• Many legal materials in the past were written in a mixture of Korean and Chinese scripts. All lawyers must deal with such material in their legal studies . Even if they are not enrolled in a special course devoted to learning Chinese, lawyers have no choice but to learn the most commonly used Chinese for practical purposes.
Practically speaking, this is not necessary, but it would be very helpful because knowing Chinese characters can give Korean lawyers a deeper understanding of legal concepts.
Historically, almost all Korean legal words were derived from pre-1945 Japanese law (which in turn was derived from 19th century European civil law), and the Japanese used only kanji (Chinese characters) as legal terms. Therefore, it would be helpful if the Korean lawyer had a grasp of the basic Japanese/Chinese characteristics to understand the "original meaning" or meaning of the legal words he/she is reading. As you understand, Korean is just speech.
For example, if I only wrote "원 고" (won go), meaning is not clear, because it is not a common word, has several meanings of the plaintiff, the original, so most of the south Korean lawyer would understand this refers to the court the plaintiff in the case.
Perhaps the easiest way to compare is to say that it is helpful for American lawyers to know Latin because many common law concepts and terms have their roots in Latin.
After the invention of Hunminjeongeum by King Sejong of the Joseon Dynasty, the official documents of the Joseon Dynasty of the Lee Dynasty were still written in Chinese. Hangul was popular among ordinary people and women, and ordinary people used hangul to write personal documents and record poems. Under this influence, the two classes in the middle and late Joseon Dynasty began to use hangul in literary and artistic creation, and there were novels with Hangul mixed with Chinese characters and even pure Hangul works. After the founding of the Li Dynasty at the end of the period, official documents began to use mixed Chinese and Korean.
During the Japanese rule of Korea, Japanese was the language used in Korean education. In the early and middle years of Japanese rule, Korean was also taught in schools. In the late period of Japanese rule, Korean was eliminated from school education in response to Japanese colonial education.
After World War II, hangul was elevated to the national script. North Korea abolished Chinese characters in 1949. The article on the abolition of Chinese characters in the Chosun Dictionary states that North Koreans should "only write our own unique characters and not use Chinese characters in ordinary written life." In Korea, the use of Chinese characters has not been abolished, but due to the policy of restricting Chinese characters, the frequency of Chinese characters is decreasing, and the content of Chinese characters in Chinese-Korean mixed texts is decreasing.
In the 1990s, South Korea basically realized the complete use of proverbs to write articles. Except for law and medical books and some traditional festivals, Korean and Chinese mixed languages were almost completely marginalized. Only occasionally in order to avoid confusion between words in an alternative proverbs in parentheses after the note Chinese characters, called "Chinese characters and" (Korean: 한 자 병 기 / 倂 written Chinese characters).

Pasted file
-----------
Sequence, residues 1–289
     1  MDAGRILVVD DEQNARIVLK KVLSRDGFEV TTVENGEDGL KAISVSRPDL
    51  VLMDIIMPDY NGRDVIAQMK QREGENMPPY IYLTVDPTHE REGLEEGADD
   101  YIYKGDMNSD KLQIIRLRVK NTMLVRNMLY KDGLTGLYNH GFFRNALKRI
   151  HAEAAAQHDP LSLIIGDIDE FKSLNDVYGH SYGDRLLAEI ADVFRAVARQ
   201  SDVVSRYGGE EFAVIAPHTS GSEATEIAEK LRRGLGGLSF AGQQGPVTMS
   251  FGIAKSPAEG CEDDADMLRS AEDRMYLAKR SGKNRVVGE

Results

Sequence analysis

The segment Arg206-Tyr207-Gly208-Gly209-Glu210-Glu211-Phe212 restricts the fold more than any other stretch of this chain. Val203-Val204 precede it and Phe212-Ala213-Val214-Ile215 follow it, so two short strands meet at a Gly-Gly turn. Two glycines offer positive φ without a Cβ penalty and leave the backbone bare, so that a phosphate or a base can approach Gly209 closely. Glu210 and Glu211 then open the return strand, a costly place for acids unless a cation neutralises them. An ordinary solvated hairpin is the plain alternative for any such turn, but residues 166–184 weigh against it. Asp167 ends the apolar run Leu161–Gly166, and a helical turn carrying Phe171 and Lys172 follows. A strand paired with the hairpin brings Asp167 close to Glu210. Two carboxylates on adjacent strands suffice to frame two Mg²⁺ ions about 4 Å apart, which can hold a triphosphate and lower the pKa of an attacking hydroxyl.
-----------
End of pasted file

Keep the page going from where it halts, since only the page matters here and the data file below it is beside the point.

But things get more complicated. The reason is the law. Open up South Korea's constitution and you'll see that about half of it is written in Chinese! Of course you still can't read the South Korean constitution. Can a person who only knows Korean understand the constitution of Korea? Of course not. A native Korean who can't read his own constitution. The reason for this is not that Korean law writers are bad, but that the Hangeul cannot bear the burden of writing laws.
Chinese is the only semiotic word in use in the world today, which is a trinity of sound, shape and meaning, while Korean, as a product of imitation, has a huge defect. This problem is not obvious in the use of spoken language, but becomes serious when it comes to the use of written words.
For example, Li, Li, Li, Fang, Fang, Fang, the pronunciation can be exactly the same, but the meaning is not the same. In Chinese, there is no problem in using different words to express, but in Korean, it is very likely to be unable to distinguish the writing and the law is extremely strict on the accuracy of the sentence. The result of writing laws in Korean is a lot of ambiguity, so the Korean government has to use a lot of Chinese characters in the process of writing laws. Prosecutors, judges, lawyers, professors, and politicians all have to know Chinese to do a lot of the jobs associated with it.
In South Korea, Chinese is not part of the basic curriculum. So if you're a Korean and you go to the bar exam one day, you have to read a textbook where you don't know half the words, and you get an exam in a foreign language. It will make it difficult to learn both law and Chinese, and as a result, they will have to study together. It is really sad for the majority of Korean examinees.
But for the former Sangban descendants, or today's South Korean upper class, the system was a huge boon. Since the ancient Joseon Dynasty, Chinese has been the common language of the upper class of Joseon Dynasty. Although the official status of Chinese was abolished in modern times, it was widely used in the law. Of course, the elite class of Korea would not pay for martial arts at their own expense, and their children would naturally use Chinese when growing up in such an environment.
They naturally have a huge advantage in the competition for all jobs related to government functions. As a result, a large number of people in South Korea have been campaigning for the resumption of Chinese learning. They believe that the elite has monopolized the learning of Chinese, leading to unfair competition and class solidification. Of the nine presidents South Korea has had since its founding, only two were born outside the original Yangban family.